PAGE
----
Posted 05 December 2012 - 11:08 AM
Posted 05 December 2012 - 01:25 PM
What type of evidence is usable in court at this point[?]
I don't really understand your question. The basic "types" of evidence are testimony and documents and other physical objects, but I doubt that was what you wanted to know. If you can clarify what you were intending to ask, I'm happy to try and respond further.
Beyond that, I'm not really sure what to tell you. Obviously, the mediator disagrees with you, so the court will decide what it decides. If you don't like the outcome, you're free to appeal, but these sorts of issues are virtually impossible to reverse on appeal.
Posted 06 December 2012 - 05:32 AM
Posted 06 December 2012 - 07:48 AM
The question is what types of evidence are allowable in court.
Again, testimony, documents, and other physical objects.
I can prove that my children have lots of friends and participate in activities but lists of events and names and numbers are not allowable in court.
You mentioned hearsay later in your post, so I'll guess that's the issue here. In order to prove these things, you need a witness or witnesses with firsthand knowledge to testify.
So should I bring the children to court (all of them) or other witnesses(my clients that frequent my busieness and have always seen the events)
If those persons are the only persons with actual knowledge of whatever it is that you want to prove, yes.
Should I bring awards for participation in events or school forms filled out for participation in sports , or photos of the children playing at my house,internet chats between my children and others etc.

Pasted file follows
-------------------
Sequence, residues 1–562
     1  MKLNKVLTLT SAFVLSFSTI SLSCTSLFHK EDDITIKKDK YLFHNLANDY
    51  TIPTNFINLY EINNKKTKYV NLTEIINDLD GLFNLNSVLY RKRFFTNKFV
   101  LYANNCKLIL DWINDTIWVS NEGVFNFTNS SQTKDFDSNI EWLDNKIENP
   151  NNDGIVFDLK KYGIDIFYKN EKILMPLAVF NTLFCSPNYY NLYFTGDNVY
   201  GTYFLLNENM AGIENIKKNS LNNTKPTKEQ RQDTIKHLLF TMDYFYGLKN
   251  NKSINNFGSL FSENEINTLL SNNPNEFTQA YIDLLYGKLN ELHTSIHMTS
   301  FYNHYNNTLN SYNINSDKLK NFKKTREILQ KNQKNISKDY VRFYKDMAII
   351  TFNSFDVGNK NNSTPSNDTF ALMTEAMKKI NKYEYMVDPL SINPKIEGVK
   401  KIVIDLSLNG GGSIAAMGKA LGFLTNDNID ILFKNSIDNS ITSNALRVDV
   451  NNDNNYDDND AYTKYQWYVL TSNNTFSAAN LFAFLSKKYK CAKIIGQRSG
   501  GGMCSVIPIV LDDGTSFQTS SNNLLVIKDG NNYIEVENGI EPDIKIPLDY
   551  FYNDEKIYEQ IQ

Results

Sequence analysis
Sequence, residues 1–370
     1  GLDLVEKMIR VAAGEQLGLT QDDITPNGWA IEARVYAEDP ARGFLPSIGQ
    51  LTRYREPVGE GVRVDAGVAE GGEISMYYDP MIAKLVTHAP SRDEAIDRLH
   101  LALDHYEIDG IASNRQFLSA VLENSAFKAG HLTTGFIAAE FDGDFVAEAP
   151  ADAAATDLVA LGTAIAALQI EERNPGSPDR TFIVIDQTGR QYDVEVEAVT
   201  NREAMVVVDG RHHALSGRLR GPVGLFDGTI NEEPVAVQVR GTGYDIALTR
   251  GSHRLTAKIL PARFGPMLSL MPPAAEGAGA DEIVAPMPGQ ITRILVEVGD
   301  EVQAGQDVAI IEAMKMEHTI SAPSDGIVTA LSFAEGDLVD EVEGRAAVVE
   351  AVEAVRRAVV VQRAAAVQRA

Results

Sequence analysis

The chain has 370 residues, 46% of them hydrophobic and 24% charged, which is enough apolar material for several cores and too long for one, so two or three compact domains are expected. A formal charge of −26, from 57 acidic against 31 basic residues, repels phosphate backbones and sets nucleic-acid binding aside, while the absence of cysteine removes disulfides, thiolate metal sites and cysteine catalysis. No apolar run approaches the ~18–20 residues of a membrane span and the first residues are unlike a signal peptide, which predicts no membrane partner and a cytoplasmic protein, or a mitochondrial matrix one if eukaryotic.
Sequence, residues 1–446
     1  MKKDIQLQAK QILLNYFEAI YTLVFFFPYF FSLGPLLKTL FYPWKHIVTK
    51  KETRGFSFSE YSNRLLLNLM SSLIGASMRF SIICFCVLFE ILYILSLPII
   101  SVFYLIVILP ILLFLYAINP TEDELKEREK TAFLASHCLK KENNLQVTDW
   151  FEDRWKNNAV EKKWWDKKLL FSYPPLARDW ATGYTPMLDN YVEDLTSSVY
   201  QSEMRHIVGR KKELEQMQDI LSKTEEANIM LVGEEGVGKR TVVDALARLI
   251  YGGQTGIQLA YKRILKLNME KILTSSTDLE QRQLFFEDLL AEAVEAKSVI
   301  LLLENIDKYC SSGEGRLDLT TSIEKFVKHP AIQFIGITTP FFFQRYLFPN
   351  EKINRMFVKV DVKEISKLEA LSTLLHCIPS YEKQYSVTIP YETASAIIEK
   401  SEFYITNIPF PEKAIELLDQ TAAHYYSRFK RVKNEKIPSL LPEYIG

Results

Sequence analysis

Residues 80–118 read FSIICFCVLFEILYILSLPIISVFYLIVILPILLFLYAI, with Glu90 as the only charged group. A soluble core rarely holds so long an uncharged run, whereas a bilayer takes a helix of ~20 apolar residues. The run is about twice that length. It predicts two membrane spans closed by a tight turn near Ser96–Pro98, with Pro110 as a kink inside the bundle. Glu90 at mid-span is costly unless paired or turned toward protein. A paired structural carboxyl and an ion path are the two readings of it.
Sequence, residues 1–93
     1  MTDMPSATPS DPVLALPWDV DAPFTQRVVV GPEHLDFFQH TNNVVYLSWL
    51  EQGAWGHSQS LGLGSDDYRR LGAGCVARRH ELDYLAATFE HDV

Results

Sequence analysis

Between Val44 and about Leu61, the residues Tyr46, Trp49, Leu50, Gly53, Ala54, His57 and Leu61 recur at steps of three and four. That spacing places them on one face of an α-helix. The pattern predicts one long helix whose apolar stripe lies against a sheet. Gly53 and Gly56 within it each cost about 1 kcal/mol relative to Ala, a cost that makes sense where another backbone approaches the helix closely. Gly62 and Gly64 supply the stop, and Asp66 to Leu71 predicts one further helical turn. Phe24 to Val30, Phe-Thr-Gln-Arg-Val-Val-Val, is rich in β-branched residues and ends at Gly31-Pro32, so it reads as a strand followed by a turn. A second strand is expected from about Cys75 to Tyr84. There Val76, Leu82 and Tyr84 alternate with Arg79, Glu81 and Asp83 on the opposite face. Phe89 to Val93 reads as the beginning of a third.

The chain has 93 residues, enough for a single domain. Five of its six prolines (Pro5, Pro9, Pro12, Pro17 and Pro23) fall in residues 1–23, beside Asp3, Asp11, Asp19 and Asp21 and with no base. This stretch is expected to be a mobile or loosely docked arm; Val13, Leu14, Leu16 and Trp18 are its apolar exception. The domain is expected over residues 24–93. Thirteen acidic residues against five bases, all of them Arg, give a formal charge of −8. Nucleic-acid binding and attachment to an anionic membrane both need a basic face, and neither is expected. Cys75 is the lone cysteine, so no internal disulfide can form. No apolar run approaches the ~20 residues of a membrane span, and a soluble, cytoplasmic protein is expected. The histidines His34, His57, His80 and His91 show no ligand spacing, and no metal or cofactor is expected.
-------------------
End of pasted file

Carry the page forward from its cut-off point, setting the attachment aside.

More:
You can do that. For every piece of evidence you offer, you need a witness to authenticate it and explain what it is.
The problem is I have had an abusive childhood and am no longer willing to speak to my relatives.
Why is this a problem? You haven't suggested that any of your blood relatives (other than your children) have any relevant knowledge of anything.
I need to prove this assesment is not accurate and would like show the court that spending time with my ex and his family are not in the best interest of the child.I have documents to prove arrest history of the ex's other family member as well as testimony from a friend of my son.
Why is this person's "arrest history" relevant? Don't you think a record of convictions -- rather than arrests -- would be better? Why can't this be dealt with by an order that prohibits your ex from having your child around this one particular person?
My daughter does not want to spend weekends with the father.Should I bring her in as a witness?
That's not a decision for anonymous strangers to make.
She will be upset.
Which will be more upsetting: testifying or having regular visitation?
Also what are Grandparents rights?
The term "grandparents' rights" is commonly misunderstood by laypersons. In the absence of a court order, grandparents have no rights whatsoever regarding their grandchildren. Depending on the applicable state law, under certain circumstances, a court may order that a grandparent may have visitation with a grandchild over the child's parents' objection.
It seems that a lot of negativity continues because of hearsay and lack of proof.